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Early trigeminal nerve involvement in Listeria monocytogenes rhombencephalitis: case series and systematic review

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Vis graf over relationer

Listeria monocytogenes is associated with rhombencephalitis. However, the exact mechanisms of brainstem invasion remains poorly understood. Here, we demonstrate clinical and radiological data suggesting that Listeria may invade the brainstem via the trigeminal nerve. Three females (41, 64 and 70 years) with culture proven L. monocytogenes bacteremia and rhombencephalitis were investigated in the period of 2014-16. T2-weighted and contrast-enhanced T1-weighted MRI revealed a cerebellopontine abscess in all three patients, including the involvement of the trigeminal nerve root. In two patients, MRI also revealed selective contrast enhancement of the sensory trigeminal tract in the pons and medulla oblongata. Prior to any other neurological symptoms, two patients complained of hypoesthesia and a tingling sensation in the ipsilateral half of the face, consistent with sensory trigeminal nerve dysfunction on that side. In addition, we identified another 120 cases of Listeria rhombencephalitis following a systematic review. Cranial nerves VII, V, IX, and X, respectively, medulla oblongata, cerebellum and pons, were the most frequently involved brain structures. The present clinical and radiological findings corroborate earlier data from animal experiments, indicating that L. monocytogenes may be capable of retrograde intra-axonal migration along the cranial nerves. We suggest that in a subset of patients with rhombencephalitis L. monocytogenes enters the cerebellopontine angle through the trigeminal nerve, invading the brainstem via the sensory trigeminal nuclei.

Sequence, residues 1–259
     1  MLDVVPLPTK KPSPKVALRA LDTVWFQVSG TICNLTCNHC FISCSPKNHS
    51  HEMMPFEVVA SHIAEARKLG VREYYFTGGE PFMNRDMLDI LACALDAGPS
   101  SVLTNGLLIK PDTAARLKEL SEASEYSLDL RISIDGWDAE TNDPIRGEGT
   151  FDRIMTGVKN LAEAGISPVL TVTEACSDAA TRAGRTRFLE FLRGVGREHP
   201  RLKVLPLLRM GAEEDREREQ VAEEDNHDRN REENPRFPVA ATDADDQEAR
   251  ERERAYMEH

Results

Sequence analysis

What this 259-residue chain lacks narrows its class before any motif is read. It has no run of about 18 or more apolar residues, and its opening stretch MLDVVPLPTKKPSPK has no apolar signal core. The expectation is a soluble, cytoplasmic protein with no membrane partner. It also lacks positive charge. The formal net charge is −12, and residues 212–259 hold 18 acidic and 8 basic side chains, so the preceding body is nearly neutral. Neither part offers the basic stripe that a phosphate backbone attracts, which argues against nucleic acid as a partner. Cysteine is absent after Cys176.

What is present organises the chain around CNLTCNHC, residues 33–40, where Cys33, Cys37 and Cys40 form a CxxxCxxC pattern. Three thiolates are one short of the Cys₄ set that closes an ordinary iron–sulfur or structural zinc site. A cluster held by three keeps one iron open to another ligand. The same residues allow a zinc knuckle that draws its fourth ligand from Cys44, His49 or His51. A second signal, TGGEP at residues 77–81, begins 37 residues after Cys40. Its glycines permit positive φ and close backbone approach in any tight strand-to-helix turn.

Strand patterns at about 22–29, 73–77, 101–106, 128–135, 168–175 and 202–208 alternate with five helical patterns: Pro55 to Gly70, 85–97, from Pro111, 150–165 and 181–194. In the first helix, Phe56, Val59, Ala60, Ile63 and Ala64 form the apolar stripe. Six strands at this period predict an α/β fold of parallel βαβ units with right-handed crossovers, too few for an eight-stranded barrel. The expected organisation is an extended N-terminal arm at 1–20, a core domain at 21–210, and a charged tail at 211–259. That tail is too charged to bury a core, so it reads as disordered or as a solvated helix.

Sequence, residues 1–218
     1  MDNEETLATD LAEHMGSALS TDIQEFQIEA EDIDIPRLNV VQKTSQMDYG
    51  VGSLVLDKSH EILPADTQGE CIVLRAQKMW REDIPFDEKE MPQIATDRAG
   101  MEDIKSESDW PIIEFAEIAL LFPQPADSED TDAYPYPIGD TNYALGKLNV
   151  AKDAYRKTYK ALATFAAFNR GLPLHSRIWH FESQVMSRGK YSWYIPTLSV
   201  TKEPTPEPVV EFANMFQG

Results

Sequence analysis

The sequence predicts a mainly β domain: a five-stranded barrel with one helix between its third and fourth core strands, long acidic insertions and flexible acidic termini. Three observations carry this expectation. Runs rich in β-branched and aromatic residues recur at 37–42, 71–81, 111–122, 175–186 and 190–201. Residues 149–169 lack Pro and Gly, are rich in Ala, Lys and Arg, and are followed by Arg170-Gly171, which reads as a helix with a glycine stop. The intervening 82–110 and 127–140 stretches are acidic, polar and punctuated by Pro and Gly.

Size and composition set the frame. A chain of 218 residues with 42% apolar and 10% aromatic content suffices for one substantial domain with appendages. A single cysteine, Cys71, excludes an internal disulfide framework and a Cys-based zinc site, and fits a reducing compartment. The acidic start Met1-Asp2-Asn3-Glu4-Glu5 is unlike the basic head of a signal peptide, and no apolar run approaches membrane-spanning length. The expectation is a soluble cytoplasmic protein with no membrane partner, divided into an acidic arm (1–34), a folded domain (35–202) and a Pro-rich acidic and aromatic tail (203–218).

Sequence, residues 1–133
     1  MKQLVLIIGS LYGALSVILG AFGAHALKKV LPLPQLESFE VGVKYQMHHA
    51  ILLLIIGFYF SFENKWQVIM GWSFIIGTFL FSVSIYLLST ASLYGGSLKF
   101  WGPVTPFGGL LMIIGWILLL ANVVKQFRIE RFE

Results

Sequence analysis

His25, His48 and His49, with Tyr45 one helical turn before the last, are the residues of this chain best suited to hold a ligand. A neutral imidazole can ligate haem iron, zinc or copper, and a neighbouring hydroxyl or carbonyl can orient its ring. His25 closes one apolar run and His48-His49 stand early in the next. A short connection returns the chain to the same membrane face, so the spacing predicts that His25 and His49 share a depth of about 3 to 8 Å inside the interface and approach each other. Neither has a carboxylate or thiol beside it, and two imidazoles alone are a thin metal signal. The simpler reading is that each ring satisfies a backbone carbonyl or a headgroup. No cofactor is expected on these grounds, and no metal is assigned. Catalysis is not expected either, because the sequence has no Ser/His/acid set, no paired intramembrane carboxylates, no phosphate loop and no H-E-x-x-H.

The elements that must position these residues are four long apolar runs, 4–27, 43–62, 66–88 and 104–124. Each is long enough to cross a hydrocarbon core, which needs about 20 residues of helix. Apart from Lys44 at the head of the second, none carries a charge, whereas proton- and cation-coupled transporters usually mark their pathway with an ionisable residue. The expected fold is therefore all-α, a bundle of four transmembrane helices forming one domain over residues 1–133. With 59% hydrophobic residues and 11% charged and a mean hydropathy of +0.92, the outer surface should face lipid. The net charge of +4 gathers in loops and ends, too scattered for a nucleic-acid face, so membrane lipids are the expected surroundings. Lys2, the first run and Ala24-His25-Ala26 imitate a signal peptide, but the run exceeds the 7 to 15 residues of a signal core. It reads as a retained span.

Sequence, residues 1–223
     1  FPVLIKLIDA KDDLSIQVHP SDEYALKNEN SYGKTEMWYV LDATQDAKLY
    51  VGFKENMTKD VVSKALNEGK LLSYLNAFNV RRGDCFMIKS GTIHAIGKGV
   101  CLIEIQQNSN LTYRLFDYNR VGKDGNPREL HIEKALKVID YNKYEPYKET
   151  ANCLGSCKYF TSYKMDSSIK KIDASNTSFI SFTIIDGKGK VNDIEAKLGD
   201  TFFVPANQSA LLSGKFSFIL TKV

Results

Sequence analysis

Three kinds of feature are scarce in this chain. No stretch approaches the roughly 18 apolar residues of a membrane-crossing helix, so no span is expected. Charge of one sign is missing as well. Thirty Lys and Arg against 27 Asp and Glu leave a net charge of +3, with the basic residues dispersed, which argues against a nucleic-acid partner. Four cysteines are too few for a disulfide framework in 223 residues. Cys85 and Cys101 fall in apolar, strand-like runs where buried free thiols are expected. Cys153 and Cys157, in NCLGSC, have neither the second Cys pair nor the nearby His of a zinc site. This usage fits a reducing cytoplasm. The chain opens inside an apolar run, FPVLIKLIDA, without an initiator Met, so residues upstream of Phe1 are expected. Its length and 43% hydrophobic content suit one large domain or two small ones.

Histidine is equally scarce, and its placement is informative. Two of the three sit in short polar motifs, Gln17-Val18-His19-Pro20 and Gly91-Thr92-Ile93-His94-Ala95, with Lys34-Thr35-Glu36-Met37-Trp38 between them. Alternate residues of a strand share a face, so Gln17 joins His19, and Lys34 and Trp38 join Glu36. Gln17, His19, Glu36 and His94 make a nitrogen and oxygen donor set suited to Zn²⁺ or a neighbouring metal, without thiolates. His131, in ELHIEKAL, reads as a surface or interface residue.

TidsskriftJournal of Neurology
Udgave nummer9
Sider (fra-til)1875-1884
Antal sider10
StatusUdgivet - sep. 2017

ID: 52105108